It means the bully at the pulpit, Danny boy, was wrong, over stepped his bounds and now it needs to be fixed. No surprise here even his own party stayed away from this one.

posted by: UConnHoop | July 1, 2014  8:26am

This decision was a no-brainer except for people who live in the People’s Republic of CT.

posted by: james pelkey | July 1, 2014  10:39am

bully malloy, self proclaimed “servant to the unions” “you lost get over it” i like the way a union spoke person said on the radio this am"we will see what impact IF ANY this will have on ct” bully malloy and the unions believe they are above the law. it is disgusting how the unions have lost their way and meaning in the work force. now they are nothing more than disgusting greedy self serving money grabbing thugs.the soon demise of unions will only have themselves to blame for their demise.the unions will not save mouthy bully malloy from termination 4 nov 14.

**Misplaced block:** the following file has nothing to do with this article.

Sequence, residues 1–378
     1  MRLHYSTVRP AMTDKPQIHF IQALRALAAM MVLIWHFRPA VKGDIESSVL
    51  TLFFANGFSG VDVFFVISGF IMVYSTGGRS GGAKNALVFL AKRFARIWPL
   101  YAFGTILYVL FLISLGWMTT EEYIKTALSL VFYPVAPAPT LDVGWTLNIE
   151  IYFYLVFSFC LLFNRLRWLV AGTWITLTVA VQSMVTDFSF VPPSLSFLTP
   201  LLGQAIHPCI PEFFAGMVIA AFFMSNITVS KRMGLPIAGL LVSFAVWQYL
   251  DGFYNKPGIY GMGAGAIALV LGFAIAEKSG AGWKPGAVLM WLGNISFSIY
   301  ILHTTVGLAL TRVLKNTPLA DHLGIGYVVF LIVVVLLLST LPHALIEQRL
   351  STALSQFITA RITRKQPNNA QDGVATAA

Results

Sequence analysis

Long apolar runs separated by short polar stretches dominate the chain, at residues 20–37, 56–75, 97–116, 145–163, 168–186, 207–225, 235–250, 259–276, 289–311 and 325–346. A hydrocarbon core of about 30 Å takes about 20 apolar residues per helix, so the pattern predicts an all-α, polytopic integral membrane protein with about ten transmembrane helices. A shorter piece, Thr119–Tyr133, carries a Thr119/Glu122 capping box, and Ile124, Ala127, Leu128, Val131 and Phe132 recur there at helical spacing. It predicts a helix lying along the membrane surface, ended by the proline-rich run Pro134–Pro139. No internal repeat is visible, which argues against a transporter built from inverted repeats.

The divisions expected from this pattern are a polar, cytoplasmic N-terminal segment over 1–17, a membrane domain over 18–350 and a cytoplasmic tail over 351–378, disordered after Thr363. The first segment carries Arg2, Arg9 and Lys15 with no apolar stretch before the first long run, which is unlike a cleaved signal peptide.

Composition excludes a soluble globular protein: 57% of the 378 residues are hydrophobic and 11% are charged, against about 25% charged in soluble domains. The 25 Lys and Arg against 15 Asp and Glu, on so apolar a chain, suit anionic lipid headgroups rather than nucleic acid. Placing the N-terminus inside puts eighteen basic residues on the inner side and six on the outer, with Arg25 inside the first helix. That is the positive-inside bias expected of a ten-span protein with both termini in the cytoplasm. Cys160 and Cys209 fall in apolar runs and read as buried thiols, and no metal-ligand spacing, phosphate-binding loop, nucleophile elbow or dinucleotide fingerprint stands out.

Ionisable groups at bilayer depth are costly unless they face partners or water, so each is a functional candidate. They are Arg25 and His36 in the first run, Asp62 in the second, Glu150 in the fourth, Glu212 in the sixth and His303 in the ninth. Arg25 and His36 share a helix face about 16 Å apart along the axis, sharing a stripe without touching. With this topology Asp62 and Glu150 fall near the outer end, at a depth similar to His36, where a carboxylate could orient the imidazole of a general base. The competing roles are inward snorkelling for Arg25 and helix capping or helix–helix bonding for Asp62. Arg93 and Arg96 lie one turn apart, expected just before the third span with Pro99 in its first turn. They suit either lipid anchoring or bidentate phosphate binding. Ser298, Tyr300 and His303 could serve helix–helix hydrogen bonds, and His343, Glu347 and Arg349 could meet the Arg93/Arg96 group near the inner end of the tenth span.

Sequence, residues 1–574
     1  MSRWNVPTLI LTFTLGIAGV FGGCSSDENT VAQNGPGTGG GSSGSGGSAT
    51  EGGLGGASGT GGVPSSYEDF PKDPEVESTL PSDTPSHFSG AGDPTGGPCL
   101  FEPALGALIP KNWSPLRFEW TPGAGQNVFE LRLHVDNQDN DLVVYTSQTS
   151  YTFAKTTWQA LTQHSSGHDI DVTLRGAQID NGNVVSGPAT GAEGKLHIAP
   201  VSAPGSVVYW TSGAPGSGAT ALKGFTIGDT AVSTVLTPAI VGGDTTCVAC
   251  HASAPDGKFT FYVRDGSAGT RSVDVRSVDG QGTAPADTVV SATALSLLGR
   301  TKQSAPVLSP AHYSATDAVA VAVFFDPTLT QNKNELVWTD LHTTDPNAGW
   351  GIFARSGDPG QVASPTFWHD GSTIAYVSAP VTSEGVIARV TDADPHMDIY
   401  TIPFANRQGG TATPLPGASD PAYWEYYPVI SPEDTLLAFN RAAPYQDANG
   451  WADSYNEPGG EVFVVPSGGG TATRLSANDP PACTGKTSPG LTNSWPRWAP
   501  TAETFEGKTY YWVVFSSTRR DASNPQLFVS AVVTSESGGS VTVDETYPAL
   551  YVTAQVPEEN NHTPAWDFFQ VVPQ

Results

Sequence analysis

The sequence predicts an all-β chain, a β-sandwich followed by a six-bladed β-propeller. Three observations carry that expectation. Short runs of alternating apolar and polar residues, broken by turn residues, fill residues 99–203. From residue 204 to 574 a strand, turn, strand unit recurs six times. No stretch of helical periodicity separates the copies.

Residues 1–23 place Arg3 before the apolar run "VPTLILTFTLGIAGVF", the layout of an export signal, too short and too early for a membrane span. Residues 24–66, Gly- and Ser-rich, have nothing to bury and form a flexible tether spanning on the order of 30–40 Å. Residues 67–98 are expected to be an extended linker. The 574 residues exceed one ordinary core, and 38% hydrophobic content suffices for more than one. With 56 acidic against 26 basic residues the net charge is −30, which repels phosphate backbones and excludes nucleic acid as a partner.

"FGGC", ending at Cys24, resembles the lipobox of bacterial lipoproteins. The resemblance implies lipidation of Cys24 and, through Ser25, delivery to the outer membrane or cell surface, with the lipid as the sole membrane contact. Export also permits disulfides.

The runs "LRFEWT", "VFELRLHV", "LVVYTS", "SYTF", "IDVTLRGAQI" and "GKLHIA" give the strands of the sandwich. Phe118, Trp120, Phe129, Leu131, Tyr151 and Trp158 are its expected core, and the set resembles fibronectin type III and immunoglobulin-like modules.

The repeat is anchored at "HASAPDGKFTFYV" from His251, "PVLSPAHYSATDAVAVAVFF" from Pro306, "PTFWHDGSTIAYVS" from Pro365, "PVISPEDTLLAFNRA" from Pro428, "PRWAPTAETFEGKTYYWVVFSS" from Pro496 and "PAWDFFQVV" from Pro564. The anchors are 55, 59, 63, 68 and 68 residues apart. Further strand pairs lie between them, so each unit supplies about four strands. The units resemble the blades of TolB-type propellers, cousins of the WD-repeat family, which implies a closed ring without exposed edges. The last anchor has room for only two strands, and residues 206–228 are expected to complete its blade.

posted by: Historian | July 1, 2014  1:24pm

The really creepy part of this is the obscure but very profitable racket the unions have created. The actually arranged here to force a mother to pay a fee to the union to care for her child in her home at her cost and time. She was not being paid by anyone!! It is a minor miracle that Obama has not had the opportunity to destroy the sensible majority on the Supreme Court yet….

posted by: Joebigjoe | July 1, 2014  1:26pm

Wasn’t there an issue with home day care workers that were getting unannounced visits from union membership people? I’m pretty sure Malloy signed off on that being OK if I recall. If so they should sue him for their strong arm tactics and threats that some people talked about on that evil talk radio station WTIC.